Some of our business partners may use cookies on our site (for example, advertisers). However, we have no access to or control over these cookies and we are not aware of any at present that do so.

Log Files

We use IP addresses to analyse trends, administer the site, track movement, and gather broad demographic information for aggregate use. IP addresses are not linked to personally identifiable information.


This web site contains links to other sites. Please be aware that Mondaq (or its affiliate sites) are not responsible for the privacy practices of such other sites. We encourage our users to be aware when they leave our site and to read the privacy statements of these third party sites. This privacy statement applies solely to information collected by this Web site.

Surveys & Contests

From time-to-time our site requests information from users via surveys or contests. Participation in these surveys or contests is completely voluntary and the user therefore has a choice whether or not to disclose any information requested. Information requested may include contact information (such as name and delivery address), and demographic information (such as postcode, age level). Contact information will be used to notify the winners and award prizes. Survey information will be used for purposes of monitoring or improving the functionality of the site.


If a user elects to use our referral service for informing a friend about our site, we ask them for the friend’s name and email address. Mondaq stores this information and may contact the friend to invite them to register with Mondaq, but they will not be contacted more than once. The friend may contact Mondaq to request the removal of this information from our database.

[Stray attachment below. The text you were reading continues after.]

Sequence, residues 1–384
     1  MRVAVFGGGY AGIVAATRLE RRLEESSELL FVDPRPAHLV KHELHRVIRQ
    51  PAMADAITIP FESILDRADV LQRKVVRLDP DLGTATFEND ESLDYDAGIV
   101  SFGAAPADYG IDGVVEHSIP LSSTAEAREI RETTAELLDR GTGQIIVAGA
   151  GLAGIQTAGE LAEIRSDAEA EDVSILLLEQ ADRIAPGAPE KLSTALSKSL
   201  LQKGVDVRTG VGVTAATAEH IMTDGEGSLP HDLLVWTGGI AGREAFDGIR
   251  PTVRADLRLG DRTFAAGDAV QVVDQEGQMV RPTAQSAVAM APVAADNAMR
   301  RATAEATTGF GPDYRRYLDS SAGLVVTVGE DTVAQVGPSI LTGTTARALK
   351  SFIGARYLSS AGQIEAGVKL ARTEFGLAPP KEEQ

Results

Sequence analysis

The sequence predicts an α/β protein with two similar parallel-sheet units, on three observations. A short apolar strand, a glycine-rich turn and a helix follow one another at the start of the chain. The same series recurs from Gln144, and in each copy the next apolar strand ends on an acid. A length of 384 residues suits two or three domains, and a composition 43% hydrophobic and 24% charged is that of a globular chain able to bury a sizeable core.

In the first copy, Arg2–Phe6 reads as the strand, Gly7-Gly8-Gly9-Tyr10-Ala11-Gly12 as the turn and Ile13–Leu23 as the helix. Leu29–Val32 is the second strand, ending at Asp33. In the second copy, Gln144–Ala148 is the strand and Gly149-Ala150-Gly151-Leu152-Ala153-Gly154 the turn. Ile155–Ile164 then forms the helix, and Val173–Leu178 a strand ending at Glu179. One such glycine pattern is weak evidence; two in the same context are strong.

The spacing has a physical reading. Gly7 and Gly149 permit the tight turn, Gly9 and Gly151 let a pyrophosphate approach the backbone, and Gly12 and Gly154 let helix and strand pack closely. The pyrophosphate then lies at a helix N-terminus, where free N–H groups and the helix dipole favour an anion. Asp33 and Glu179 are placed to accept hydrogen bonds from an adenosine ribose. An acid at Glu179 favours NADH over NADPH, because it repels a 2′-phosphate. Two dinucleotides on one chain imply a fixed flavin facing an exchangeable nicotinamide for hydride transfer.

This website takes every reasonable precaution to protect our users’ information. When users submit sensitive information via the website, your information is protected using firewalls and other security technology. If you have any questions about the security at our website, you can send an email to

Correcting/Updating Personal Information

If a user’s personally identifiable information changes (such as postcode), or if a user no longer desires our service, we will endeavour to provide a way to correct, update or remove that user’s personal data provided to us. This can usually be done at the “Your Profile” page or by sending an email to

Notification of Changes

If we decide to change our Terms & Conditions or Privacy Policy, we will post those changes on our site so our users are always aware of what information we collect, how we use it, and under what circumstances, if any, we disclose it. If at any point we decide to use personally identifiable information in a manner different from that stated at the time it was collected, we will notify users by way of an email. Users will have a choice as to whether or not we use their information in this different manner. We will use information in accordance with the privacy policy under which the information was collected.

How to contact Mondaq

You can contact us with comments or queries at

If for some reason you believe Mondaq Ltd. has not adhered to these principles, please notify us by e-mail at and we will use commercially reasonable efforts to determine and correct the problem promptly.